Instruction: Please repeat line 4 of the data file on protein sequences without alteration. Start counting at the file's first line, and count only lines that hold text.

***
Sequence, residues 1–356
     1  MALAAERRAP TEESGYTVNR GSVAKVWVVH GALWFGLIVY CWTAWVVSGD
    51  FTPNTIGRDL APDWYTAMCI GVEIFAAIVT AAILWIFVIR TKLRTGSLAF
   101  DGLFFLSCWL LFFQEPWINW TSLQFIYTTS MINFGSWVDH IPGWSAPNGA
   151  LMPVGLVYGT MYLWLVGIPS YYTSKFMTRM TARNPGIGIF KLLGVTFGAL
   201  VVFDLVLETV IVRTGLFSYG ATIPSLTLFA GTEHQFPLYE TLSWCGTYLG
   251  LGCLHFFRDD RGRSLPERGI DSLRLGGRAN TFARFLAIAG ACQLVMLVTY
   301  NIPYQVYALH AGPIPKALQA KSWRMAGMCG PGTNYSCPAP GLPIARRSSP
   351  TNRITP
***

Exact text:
   101  DGLFFLSCWL LFFQEPWINW TSLQFIYTTS MINFGSWVDH IPGWSAPNGA